(screenshot from the National Aviary falconcam at Univ. of Pittsburgh’s Cathedral of Learning)

p.s. Here’s why she isn’t sitting on the eggs yet:

27 responses so far

Mar 09 2016

All The Right Moves

SW and Boomer in courtship flight, Cleveland, Ohio (photo by Chad + Chris Saladin)

SW and Boomer fly upside down in courtship flight, Cleveland, Ohio (photo by Chad + Chris Saladin)

Peregrine falcon courtship is underway in Pittsburgh but you’re missing a lot if you only see it on camera.

Peregrines have many courtship rituals that get them in tune for the breeding season.   Here’s what you’ll see at any one of Pittsburgh’s seven peregrine territories.  Click on the links below for additional descriptions and photos.

  1. Prominent perching:  Peregrines perch in prominent locations to show they own the place.  Established pairs perch near each other.
  2. Cooperative hunting: The pair goes out hunting together.  He kicks up a flock while she stoops on likely prey.
  3. Ledge Displays:  Peregrines display on the nest ledge over the scrape, at first alone then as a pair.  These are the only displays you’ll see on the falconcams.
  4. Courtship Flights:  Peregrines court in the air with speed and precision.  They even fly upside down (shown above).
  5. Food Transfers:  The male provides food for his mate.
  6. Copulation: Here’s how it’s done.


In our area the females lay eggs between mid March and early April, one egg every other day. Watch for the first egg at the Cathedral of Learning and Gulf Tower on the falconcams.

How will you know an egg is due soon?  The female will start to spend the night at the scrape a few days before her first egg.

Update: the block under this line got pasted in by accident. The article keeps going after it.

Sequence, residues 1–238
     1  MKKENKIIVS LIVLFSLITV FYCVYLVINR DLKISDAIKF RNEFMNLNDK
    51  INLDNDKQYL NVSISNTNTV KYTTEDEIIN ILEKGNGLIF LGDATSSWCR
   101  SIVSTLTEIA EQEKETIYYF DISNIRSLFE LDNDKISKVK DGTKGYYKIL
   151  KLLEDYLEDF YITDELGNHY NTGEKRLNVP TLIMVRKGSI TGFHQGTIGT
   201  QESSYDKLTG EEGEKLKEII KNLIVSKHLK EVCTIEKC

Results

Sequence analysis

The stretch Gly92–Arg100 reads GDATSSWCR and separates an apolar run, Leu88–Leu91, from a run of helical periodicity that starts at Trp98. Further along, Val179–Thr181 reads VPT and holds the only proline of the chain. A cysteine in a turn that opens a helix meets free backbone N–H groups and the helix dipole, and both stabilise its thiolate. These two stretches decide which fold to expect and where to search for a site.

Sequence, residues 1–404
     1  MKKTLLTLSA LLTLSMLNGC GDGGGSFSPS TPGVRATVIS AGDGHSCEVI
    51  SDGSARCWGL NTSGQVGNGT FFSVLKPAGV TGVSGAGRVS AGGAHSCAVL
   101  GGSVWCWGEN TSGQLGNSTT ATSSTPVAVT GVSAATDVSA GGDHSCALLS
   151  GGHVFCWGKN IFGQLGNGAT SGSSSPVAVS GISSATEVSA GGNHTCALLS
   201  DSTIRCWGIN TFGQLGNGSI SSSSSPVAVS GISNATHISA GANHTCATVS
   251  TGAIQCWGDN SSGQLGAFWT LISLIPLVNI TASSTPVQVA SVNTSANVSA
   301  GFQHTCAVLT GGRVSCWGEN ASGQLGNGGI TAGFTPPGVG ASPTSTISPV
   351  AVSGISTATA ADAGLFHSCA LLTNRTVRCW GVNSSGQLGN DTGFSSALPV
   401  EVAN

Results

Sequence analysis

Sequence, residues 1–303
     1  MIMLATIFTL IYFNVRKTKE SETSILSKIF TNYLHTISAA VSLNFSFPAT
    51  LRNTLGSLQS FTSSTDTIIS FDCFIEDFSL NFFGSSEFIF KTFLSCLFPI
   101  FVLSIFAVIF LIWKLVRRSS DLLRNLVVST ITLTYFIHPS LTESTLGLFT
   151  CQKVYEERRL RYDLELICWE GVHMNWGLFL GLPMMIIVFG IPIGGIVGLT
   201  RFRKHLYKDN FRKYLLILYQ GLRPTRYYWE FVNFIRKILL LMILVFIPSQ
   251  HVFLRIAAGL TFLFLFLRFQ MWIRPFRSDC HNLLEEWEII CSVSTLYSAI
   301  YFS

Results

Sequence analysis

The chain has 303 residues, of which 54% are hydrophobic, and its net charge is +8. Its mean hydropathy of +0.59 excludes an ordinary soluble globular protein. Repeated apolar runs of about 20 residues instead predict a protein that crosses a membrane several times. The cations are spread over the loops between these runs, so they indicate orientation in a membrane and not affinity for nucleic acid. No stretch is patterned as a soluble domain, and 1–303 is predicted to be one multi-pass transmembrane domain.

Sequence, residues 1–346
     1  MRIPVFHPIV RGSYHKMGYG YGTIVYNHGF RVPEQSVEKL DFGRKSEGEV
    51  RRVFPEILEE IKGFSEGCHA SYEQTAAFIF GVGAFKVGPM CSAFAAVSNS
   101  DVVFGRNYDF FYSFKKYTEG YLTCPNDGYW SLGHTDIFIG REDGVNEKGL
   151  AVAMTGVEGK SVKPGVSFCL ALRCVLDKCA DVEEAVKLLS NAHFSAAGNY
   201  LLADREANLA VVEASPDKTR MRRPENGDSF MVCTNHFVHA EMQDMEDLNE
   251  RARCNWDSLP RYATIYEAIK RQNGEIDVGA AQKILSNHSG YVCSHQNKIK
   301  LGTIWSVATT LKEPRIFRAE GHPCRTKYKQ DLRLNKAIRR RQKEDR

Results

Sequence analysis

In the meantime, our peregrines are making all the right moves.  Eggs coming soon.


(photo by Chad+Chris Saladin)

19 responses so far

Mar 04 2016

Getting In Tune

If you’ve been watching the Gulf Tower and Cathedral of Learning falconcams this month, you’ve seen the peregrines bowing and “chirping” to each other in courtship display.  Their rituals cement their pair bond and get them in tune with each other for the breeding season.

Some birds have fancier courtship displays.  Pairs of waved albatrosses (Phoebastria irrorata) get reacquainted after six months at sea by doing a courtship dance.

The video above shows their elaborate ritualized moves: bill clacking, rapid bill circling, bowing, touching the ground and their sides with their beaks, raising their bills, and making a whoo sound.  You have to visit the Galápagos to see them as it’s the only place where they breed.

The pairs do their dance in time for the female to lay her single egg in April to June.  Nestlings reach adult size in December and leave the colony by January to forage at sea until they reach maturity at 5-6 years old.

During El Niño there is too little food to raise a family so many birds don’t breed at all.  This year is a hard one for the waved albatross.